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II Problem and Objectives

[] The problem to be discussed in this article is the question of whether or not there exists a mesoscopic length scale with new constitutive laws intermediate between the microscopic pore scale and the macroscopic sample size L. [] Recent capillary desaturation experiments in [11, 5] seem to hint towards the possible existence of a mesoscopic length scale. [] Existing theories do not explain or predict capillary desaturation curves or spatiotemporal changes of nonpercolating residual saturations. [] Direct upscaling from pore to sample scale may be difficult or impossible, because mesoscopic nonpercolating clusters and their interaction become important [12, 13, 14].

[] The theoretical importance of nonpercolating trappedclusters (ganglia) on macroscopic scales (Darcy scale and larger) was emphasized already in [15]. [] It was thoroughly analyzed in [16] and [17]. [] The results of this analysis led to the proposal of a generalized macroscopic theory [18] predicting hysteresis [19], recovering the traditional theory [20] and highlighting the role of interfacial areas in [21]. [] Experimental evidence for the possible importance of a mesoscopic scale seems to have been found in recent experimental advances allowing in situ monitoring of immiscible displacement processes using fast X-ray computed microtomography [5]. [] Theoretical evidence for the importance of clusters on macroscopic scales was found in [22] for immiscible fluids in hydrostatic equilibrium, in [23] for raising and/or rotating closed columns, in [24] for Buckley-Leverett shocks, in [25] for McWhorter-Sunada flows and capillarity driven horizontal redistribution (Philip-problem), in [26] for saturation overshoot, and in [27] for multistep outflow experiments. [] Recent drainage and imbibition experiments with pore scale imaging performed by [11] confirm that the dynamics is nonlocal and that capillary action at menisci is percolating over some mesoscopic distance. [] These experimental observations and theoretical advances all seem to hint towards a mesoscopic cluster scale, that might be defined via the nonpercolating clusters and their interaction with each other.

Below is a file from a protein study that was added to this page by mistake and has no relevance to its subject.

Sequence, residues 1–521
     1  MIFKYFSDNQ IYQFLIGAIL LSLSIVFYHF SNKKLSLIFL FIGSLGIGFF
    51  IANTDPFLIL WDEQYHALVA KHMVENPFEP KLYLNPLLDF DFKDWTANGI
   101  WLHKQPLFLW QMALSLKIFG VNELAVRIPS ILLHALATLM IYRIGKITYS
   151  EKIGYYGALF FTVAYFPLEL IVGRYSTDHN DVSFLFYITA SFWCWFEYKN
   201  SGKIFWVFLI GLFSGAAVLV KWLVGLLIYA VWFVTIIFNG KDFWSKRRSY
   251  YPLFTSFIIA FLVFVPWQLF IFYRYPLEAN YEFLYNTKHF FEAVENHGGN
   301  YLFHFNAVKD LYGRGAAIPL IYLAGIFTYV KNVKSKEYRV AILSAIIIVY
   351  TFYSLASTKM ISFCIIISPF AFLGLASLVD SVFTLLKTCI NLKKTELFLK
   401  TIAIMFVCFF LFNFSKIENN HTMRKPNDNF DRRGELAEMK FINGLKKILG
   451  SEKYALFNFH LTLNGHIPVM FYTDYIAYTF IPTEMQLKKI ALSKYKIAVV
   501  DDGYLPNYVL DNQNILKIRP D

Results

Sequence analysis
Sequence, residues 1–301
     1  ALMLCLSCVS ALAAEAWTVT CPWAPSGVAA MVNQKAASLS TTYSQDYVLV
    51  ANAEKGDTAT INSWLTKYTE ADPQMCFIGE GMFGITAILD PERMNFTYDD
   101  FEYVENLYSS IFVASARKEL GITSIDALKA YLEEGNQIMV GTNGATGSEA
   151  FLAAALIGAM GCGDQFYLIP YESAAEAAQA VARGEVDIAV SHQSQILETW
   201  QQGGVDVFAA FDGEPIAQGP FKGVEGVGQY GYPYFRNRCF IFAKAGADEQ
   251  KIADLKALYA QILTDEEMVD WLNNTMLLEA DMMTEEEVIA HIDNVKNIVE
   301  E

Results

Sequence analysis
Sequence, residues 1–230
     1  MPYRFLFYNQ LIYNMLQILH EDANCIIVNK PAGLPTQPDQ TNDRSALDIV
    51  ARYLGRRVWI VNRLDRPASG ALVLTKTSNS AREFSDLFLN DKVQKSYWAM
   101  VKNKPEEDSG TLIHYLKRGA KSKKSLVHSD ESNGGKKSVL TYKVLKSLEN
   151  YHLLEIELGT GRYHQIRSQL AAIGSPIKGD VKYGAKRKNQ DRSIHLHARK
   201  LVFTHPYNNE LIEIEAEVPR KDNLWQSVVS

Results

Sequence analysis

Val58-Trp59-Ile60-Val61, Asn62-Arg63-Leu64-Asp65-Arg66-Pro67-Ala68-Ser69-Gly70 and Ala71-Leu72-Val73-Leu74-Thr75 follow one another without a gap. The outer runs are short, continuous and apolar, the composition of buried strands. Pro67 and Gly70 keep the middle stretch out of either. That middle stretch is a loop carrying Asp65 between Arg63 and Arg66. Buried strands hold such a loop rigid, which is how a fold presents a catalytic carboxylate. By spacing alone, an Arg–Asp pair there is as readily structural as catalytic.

[] The main objectives of this paper are:

  1. to study the process dependence of capillary desaturation curves and the dependence on the desaturation protocol,

  2. to introduce new capillary saturation curves for oil injection based on traditional two-phase flow theory,

  3. to propose new capillary saturation experiments with oil injection instead of water injection,

  4. to introduce a new relation between capillary desaturation curves and the product of relative permeabilities with normalized capillary pressure functions that seems to have remained unnoticed so far,

  5. to show that the plateau saturation in capillary desaturation curves is not given as the residual oil saturation SOr (defined in eq. (25b) below), but can be either 1-SWi (where the irreducible water saturation SWi is defined in eq. (25a) below) or any saturation below 1-Sz where Sz is defined as the zero PcimbSz=0 on the capillary pressure curve for secondary imbibition, and

  6. to quantify the large variation of breakpoints in capillary desaturation curves within the traditional two-phase flow theory.